Statement on the Passing of Joan Mondale

Posted by Robert Lynch, Feb 06, 2014 0 comments

Joan Mondale accepting the Public Art Network Annual Award from Americans for the Arts, 2008 Joan Mondale accepting the Public Art Network Annual Award from Americans for the Arts, 2008

 

I know the nation’s arts community joins me in mourning the loss of one of our country’s staunchest arts advocates, Joan Mondale.  As the wife of Walter Mondale, vice president to President Jimmy Carter, she used her public position to place a bright spotlight on the vital role that artists and arts organizations play in strengthening American communities.

Mrs. Mondale intersected with Americans for the Arts on a number of notable occasions, beginning with her service on our board in the mid-1970’s, when we were known by one of our predecessor names, the American Council for the Arts.  In 1977, she was the guest speaker at the tenth annual meeting of the Business Committee for the Arts (now a division of Americans for the Arts).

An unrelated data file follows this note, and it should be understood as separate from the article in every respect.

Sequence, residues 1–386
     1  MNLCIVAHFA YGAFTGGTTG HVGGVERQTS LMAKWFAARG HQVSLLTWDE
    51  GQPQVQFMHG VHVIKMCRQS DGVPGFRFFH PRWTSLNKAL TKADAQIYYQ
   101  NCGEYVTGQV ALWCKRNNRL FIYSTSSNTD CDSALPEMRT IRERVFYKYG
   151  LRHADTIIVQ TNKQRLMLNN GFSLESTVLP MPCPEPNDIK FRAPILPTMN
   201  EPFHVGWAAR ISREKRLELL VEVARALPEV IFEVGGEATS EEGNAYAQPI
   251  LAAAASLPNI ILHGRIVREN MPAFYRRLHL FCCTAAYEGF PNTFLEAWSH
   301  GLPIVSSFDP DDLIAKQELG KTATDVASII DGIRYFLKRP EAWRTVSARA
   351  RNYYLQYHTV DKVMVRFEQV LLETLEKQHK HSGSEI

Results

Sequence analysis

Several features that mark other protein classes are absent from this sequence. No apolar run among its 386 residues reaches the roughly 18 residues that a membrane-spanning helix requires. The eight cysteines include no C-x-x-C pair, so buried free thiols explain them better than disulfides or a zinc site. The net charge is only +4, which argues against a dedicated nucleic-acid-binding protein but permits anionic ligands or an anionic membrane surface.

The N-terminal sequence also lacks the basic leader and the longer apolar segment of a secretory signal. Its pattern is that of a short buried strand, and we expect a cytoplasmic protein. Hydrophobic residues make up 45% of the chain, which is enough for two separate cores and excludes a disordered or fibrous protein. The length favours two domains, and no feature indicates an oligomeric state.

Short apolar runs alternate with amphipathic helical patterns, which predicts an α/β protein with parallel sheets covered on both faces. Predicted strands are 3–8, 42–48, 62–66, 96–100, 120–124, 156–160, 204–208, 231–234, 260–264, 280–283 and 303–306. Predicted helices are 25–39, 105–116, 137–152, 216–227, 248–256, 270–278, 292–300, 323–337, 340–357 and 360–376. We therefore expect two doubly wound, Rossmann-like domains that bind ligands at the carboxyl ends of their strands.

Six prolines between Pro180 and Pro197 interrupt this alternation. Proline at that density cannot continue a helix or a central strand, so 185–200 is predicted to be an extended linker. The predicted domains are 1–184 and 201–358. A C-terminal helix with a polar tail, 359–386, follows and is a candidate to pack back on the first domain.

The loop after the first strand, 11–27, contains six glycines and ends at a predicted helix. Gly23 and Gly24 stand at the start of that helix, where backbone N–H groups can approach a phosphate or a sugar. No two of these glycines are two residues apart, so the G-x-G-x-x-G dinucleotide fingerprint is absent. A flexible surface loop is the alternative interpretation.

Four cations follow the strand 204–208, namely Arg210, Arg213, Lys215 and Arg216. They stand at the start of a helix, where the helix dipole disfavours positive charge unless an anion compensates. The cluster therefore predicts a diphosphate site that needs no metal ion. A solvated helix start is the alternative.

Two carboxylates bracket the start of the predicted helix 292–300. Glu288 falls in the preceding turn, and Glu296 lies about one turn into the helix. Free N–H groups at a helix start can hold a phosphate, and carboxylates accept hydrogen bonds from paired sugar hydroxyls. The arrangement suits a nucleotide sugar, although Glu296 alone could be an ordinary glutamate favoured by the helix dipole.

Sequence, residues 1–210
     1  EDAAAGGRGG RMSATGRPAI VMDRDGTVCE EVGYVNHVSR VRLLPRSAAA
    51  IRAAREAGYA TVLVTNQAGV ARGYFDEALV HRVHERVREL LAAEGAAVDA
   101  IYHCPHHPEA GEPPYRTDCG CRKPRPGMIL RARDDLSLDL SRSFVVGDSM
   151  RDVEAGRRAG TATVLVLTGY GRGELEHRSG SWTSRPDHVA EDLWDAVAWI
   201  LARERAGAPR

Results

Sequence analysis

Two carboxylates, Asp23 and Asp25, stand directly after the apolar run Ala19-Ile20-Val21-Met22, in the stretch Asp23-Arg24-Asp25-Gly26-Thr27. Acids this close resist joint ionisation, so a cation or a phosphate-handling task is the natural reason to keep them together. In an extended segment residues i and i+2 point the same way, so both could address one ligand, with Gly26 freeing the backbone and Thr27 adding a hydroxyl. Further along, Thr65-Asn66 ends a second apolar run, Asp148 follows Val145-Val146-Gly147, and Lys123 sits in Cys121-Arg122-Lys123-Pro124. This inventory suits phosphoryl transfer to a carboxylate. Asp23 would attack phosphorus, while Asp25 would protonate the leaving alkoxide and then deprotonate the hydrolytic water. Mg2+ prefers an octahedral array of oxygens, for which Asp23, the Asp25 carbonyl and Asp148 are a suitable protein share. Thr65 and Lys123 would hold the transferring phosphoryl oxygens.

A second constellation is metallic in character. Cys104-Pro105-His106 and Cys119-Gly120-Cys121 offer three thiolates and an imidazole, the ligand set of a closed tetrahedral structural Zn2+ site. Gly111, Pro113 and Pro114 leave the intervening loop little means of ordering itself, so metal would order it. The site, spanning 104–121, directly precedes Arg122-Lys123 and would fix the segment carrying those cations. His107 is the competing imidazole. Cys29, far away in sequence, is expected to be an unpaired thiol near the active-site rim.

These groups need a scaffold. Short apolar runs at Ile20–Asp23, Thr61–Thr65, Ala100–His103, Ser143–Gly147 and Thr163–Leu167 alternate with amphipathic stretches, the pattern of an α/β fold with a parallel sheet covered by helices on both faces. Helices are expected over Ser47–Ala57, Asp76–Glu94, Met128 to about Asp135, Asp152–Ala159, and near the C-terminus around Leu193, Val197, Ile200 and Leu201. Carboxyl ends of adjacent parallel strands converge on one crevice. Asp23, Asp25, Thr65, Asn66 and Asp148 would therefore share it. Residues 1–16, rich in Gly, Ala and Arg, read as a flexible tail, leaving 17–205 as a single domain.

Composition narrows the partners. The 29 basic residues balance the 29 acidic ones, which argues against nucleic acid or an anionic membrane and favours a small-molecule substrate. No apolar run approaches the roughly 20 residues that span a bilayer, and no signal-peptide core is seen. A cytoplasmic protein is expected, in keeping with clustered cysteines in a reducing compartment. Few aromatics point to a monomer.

I first met her at the Americans for the Arts annual convention in 1987 in Portland, Oregon, where she was a fervent keynote speaker and great motivational figure for hundreds of local arts agency leaders.  I later had the privilege of serving with her on the national advisory board of the Craft Emergency Relief Fund (CERF), where we shared a passion for fine craft—she as a potter and me as a woodcarver.  And in 2008, Americans for the Arts was pleased to honor her with the Public Art Network Award, in recognition of her lifelong nurturing of art in public places.

She was a long-time museum guide who, while her husband was in office, ensured that the home of the vice president, and later, the ambassador to Japan’s residence, were infused with art.  A frequent board member for arts organizations and an avid speaker for their gatherings, Mrs. Mondale was particularly effective in her most visible role as honorary chair of the Federal Council on the Arts and Humanities during the Carter Administration.

On behalf of those of us who work in the arts who had the pleasure of knowing her and admiring the important work she did in promoting the public value of the arts, we salute “Joan of Art.”  Her voice will be deeply missed.

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